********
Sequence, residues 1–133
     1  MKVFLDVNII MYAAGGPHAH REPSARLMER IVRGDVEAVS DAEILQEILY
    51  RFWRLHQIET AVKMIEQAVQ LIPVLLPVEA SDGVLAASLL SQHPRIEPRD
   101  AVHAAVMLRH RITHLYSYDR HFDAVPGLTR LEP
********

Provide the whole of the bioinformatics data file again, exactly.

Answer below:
Sequence, residues 1–133
     1  MKVFLDVNII MYAAGGPHAH REPSARLMER IVRGDVEAVS DAEILQEILY
    51  RFWRLHQIET AVKMIEQAVQ LIPVLLPVEA SDGVLAASLL SQHPRIEPRD
   101  AVHAAVMLRH RITHLYSYDR HFDAVPGLTR LEP